First of all, don't tell me what to do, or not do. I do not recognize your authority over me.

Second, if someone wishes to be considered a man or woman when their biological sex does not match (and indeed they have been diagnosed with gender dysphoria) I see no good reason to tell them otherwise. I think this is what you are talking about...? I was not lying to you, I actually don't know if this is what you mean.

This parents cross-dressing their children stuff, though? I certainly wouldn't be surprised if it happens. I don't really know anything about it, I cannot comment one way or another.


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The very thing that gives us humans our advanced cognitive abilities can also be our greatest weakness.
Sat May 13, 2017 12:35 am
Grumpy SantaPosts: 382Joined: Fri Mar 27, 2015 6:27 pm Gender: Male

Post Re: Are moral values objectively real?

thenexttodie wrote:
thenexttodie wrote:

Typical response from an Atheist. Happens every time. The Atheist will pretend to be mysterious and the idea of pretending a man is a women is something unheard of..or that a little boy should be dressed like a girl.

Then for some reason when I ask a second time for them to admit to their screwed sexual beliefs, they do.."Yeah I believe the fucked up shit! But your a trooollllll!!!"

So, Akamia you do believe we should pretend like men are women. Right?
Akamia wrote: I literally don't know what the hell you're talking about.



I'm talking about when parents dress up their little boys as girls and pretend he's a girl or when an older man starts dressing up as a girl and he wants everyone to pretend he's a woman. You honestly want me to believe you are oblivious to this reality? Stop lying and admit you this is what you support.


I'm not familiar with this personally, but terribly sorry you had to go through this.
Scientists don't believe. They conclude based on evidence.
Sat May 13, 2017 4:51 am
VisakiUser avatarPosts: 777Joined: Fri Nov 12, 2010 12:26 pmLocation: Helsinki, Finland Gender: Male

Post Re: Are moral values objectively real?

thenexttodie wrote:Yes moral values are objectively real and there is such a thing as right and wrong.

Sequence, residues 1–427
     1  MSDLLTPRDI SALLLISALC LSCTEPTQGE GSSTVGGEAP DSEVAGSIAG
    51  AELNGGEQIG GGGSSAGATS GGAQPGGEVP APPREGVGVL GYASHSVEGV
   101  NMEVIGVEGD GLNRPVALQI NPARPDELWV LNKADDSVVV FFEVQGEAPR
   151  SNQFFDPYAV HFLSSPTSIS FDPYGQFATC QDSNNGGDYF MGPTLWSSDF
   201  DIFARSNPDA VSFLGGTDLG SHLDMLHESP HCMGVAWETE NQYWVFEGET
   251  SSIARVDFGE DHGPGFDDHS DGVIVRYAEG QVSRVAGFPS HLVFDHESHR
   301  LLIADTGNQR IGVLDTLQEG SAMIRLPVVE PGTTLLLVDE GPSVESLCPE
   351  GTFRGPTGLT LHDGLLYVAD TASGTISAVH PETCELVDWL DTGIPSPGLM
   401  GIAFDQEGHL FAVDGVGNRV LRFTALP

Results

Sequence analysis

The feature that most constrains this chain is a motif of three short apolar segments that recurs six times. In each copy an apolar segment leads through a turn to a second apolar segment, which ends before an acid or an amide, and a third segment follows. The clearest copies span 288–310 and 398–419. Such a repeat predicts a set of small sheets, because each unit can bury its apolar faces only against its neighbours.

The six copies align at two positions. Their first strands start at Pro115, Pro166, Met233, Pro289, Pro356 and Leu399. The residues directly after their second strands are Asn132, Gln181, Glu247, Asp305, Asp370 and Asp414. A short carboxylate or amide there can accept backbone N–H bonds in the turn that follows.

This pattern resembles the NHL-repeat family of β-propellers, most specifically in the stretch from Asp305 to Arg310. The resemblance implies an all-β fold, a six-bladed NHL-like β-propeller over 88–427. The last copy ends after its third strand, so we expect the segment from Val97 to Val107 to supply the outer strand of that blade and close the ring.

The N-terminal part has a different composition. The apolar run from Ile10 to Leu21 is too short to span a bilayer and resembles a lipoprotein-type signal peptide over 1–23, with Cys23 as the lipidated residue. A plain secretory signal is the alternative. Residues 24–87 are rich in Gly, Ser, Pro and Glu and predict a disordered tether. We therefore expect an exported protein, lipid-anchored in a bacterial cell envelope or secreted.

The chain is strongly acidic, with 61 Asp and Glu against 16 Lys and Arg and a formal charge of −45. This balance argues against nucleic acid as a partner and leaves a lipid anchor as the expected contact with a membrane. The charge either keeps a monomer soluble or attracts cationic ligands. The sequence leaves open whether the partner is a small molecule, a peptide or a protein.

Please define what you mean By "right" and "wrong" in this moral context. This is actually pretty important.

Atheists pretend they don't believe in absolute right or wrong. But they do. All Atheists on this form believe its absolutely right to dress little boys up as girls and to pretend men are women. All of them believe this. And they all believe they are absolutely right in doing so.

I have no idea why you are trying to tell other people what they believe. Nor why you feel the need to use the word "absolutely". Are you using it as a synonym for "objective" because that's what it feels like?
Sat May 13, 2017 9:48 am
thenexttodiePosts: 799Joined: Fri Mar 13, 2015 7:59 pm Gender: Male

Post Re: Are moral values objectively real?

So, Akamia you do believe we should pretend like men are women. Right?
[/quote]

Akamia wrote:Second, if someone wishes to be considered a man or woman when their biological sex does not match (and indeed they have been diagnosed with gender dysphoria) I see no good reason to tell them otherwise.


I guess that's a yes
“..the simplest thing cannot be made clear to the most intelligent man if he is firmly persuaded that he knows already, without a shadow of doubt, what is laid before him.” Tolstoy
Sat May 13, 2017 7:16 pm
AkamiaUser avatarPosts: 90Joined: Thu Sep 01, 2016 11:41 pmLocation: Alaska Gender: Time Lord

Post Re: Are moral values objectively real?

thenexttodie wrote:
thenexttodie wrote:So, Akamia you do believe we should pretend like men are women. Right?


Akamia wrote:Second, if someone wishes to be considered a man or woman when their biological sex does not match (and indeed they have been diagnosed with gender dysphoria) I see no good reason to tell them otherwise.


I guess that's a yes

And your point about this is...?
The very thing that gives us humans our advanced cognitive abilities can also be our greatest weakness.
Last edited by Akamia on Mon May 15, 2017 8:30 pm, edited 1 time in total.
Sat May 13, 2017 7:34 pm